Carlo Abarth is well known in the racing world for the exhaust systems that bore his name, the cars he designed and raced and for his work modifying Fiats 500s and 600s into the precursors of hot hatches such as the Golf GTI: the concept is similar, a big engine in a small, mass produced car.
Simca is well known in European competition for their 1000 Rallye and 1000 Rallye 2. But the idea of making the boxy, rear-engined Simca 1000 go fast didn’t start with the 1000 Rallye in 1972, it started with Carlo Abarth in the early 1960s.
Abarth chose the Simca 1000 as his next project partly because it was newer than the Fiat 600s and 500s (introduced in 1955 and 1957 respectively) and the idea of racing them apparently hadn’t crossed the minds of many other folks. Another reason is that when Simca introduced the 1000 in 1961 it became immensely popular on the French market. It was well-designed, reliable and benefited from very decent built quality. Abarth saw the same potential in the little Simca and started drawing out ideas. With the green light from Fiat, which created Simca in 1934 and still owned it at the time, a hundred cars were shipped to the Abarth factory in 1961 to go in for modification. The cars debuted in the 1962 season and proved successful in races across Europe.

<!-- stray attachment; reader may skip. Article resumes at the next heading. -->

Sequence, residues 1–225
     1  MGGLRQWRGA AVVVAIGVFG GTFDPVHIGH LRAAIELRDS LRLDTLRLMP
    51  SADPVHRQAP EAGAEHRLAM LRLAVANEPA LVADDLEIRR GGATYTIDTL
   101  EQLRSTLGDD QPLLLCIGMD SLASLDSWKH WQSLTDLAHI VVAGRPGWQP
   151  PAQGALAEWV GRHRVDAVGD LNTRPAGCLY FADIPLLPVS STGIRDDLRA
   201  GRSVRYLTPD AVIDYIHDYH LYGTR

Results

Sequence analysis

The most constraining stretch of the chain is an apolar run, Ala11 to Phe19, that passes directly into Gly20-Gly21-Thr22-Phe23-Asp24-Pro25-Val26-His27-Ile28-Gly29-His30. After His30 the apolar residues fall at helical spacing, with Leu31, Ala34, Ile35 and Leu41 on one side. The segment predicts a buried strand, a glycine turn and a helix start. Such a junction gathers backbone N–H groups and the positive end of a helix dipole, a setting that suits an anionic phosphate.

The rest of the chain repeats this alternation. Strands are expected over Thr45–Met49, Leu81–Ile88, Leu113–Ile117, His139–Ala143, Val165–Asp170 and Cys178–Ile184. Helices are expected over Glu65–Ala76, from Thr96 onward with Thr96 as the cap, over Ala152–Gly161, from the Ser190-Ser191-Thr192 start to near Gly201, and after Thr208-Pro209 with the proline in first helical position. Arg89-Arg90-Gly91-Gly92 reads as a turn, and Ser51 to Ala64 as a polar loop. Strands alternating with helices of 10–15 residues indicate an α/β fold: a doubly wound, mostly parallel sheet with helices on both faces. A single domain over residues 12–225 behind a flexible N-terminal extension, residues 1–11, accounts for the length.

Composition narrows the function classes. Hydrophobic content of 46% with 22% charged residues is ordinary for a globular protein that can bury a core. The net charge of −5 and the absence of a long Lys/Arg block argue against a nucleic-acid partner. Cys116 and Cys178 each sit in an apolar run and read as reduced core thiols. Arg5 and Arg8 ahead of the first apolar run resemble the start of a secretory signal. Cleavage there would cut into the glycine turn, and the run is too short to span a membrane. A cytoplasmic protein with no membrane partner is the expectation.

Abarth wanted to take it a step further and make these cars available to the public. They were to be part of the Simca lineup and sold through Simca dealers. In 1963 he introduced four variants of the Simca 1000: the 1150, the 1150 S, the 1150 SS and the 1150 Tipo Corsa. The standard Simca 1000 used a 944cc engine, Abarth bored it out to 1137cc, which pushed the base 1150 to 55hp. Other modifications included 13” rims (instead of 12"), disk brakes all around, a tachometer and an oil pressure gauge. The 1150 S saw its power output increased to 58hp but the biggest change can be seen just by looking at it: like on some Fiat-Abarths the radiator was moved to the front which called for the installation of a grille. The 1150 SS and the 1150 SS Tipo Corsa shared this radiator setup while the base 1150 retained the rear-mounted radiator.
The 1150 SS logged a healthy 65hp and saw its compression ratio increased to 9.5:1. The ultimate evolution was the 1150 SS Tipo Corsa. Thanks in part to a 12:1 compression ratio, Abarth managed to get an impressive 85hp out of the engine, a fair amount when you take into account that a standard Simca 1000 puttered along with 40hp under the rear bonnet.
At this point you may be wondering why these cars didn’t create serious competition for the Renault 8 Gordini in the European car market. The explanation lies in a detail that I’ve omitted until this point: these were all built as prototypes. Chrysler took over Simca from Fiat in 1963 and decided to pull the plug on the project, focusing instead on bigger sedans. Consequently very few Simca Abarths were built and they’re unspeakably rare, though a couple of examples have survived.
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